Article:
The process of relocation for the approximately 800 residents of Little Bay Islands has taken two years. CBC News
For more than 200 years, the people living in the picturesque community of Little Bay Islands, tucked into the Northern coast of Newfoundland, have taken their living from the sea.
At one time it boasted a population close to 800 residents, with successful businesses, tidy homes and a close-knit sense of community.
But in recent years, with the closure of its fish plant and the ongoing cod moratorium, the people living there have watched their once vibrant community slowly slip away. People started to leave, looking for a future somewhere else. Stores started to close.
Today there isn’t one place to buy even a loaf of bread. Everything has to be brought across on the ferry. Medical appointments mean long, expensive drives for a population whose average age is now over 65.
So when a town councillor went to the Newfoundland and Labrador government asking about participating in its "relocation" program, a program through which the province would remove all government services in exchange for a compensation cheque, there was anticipation that this was the beginning of the end of the community. Still people resisted. Then everything changed.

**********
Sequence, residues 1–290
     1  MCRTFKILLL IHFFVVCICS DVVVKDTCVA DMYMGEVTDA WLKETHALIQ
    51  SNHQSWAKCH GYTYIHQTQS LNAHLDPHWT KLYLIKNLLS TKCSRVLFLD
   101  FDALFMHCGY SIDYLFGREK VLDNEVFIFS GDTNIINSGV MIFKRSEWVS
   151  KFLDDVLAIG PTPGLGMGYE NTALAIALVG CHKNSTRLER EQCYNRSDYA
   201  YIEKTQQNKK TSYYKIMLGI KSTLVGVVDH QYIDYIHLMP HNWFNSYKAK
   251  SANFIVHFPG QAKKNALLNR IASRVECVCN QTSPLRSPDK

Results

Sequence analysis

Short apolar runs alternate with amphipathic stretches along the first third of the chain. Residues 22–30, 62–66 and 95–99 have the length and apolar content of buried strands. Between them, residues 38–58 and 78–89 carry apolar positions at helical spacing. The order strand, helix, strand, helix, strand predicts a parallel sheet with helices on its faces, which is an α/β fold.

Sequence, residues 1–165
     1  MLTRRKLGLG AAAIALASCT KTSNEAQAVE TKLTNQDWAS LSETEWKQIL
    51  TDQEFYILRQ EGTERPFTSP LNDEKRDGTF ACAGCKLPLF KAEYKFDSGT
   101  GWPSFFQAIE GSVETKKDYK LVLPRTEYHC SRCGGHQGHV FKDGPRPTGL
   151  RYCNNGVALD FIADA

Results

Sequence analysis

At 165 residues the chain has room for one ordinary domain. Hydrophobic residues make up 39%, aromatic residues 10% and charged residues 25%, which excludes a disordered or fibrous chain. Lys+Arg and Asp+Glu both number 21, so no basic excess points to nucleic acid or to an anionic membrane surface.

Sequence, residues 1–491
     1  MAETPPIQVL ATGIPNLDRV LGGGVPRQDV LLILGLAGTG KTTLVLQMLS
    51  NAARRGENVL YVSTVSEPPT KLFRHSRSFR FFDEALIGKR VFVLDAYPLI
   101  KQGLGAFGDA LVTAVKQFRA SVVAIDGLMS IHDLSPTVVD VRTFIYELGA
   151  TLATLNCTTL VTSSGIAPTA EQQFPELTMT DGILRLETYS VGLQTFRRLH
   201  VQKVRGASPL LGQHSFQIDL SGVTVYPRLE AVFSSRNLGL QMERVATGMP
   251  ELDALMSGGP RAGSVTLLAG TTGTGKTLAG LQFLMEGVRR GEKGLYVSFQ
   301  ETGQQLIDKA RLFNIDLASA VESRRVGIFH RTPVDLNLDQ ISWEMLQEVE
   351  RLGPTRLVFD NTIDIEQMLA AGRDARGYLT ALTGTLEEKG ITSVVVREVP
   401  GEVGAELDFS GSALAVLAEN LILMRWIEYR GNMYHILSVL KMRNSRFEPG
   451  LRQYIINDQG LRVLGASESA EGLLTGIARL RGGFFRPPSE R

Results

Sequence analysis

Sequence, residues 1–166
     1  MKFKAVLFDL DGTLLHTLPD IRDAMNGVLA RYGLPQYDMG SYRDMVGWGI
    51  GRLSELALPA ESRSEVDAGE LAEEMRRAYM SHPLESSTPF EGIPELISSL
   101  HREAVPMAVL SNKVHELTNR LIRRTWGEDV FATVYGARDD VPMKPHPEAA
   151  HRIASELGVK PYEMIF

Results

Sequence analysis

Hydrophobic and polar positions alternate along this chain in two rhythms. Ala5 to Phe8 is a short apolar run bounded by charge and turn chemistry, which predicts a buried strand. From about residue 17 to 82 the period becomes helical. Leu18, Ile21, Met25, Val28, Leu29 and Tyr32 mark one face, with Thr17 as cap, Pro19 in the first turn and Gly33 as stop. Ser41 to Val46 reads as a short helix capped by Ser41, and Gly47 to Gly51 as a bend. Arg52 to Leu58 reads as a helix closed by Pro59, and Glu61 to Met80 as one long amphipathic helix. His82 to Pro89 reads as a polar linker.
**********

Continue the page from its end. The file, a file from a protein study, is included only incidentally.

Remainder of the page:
The government upped the compensation to a minimum of $250,000 per household. Suddenly, support for "relocation" surged to over 90 per cent.
But it hasn’t been a happy time in Little Bay Islands. The process has now dragged on for close to two years. The government says it is only involved because it was asked by residents, and although initially rejected, the prospect of
"relocation" now appears to have the necessary support. The government also says it is still trying to determine whether paying people to move is in its best economic interest.
As I discovered — and you will watch in my video piece above — the prospect of winning what some refer to as a sort of "Irish lottery" has divided the community, and the delay in any sort of decision from government is turning sister against sister, and neighbour against neighbour.
Some say regardless, it’s now doubtful that Little Bay Islands ever be the same.
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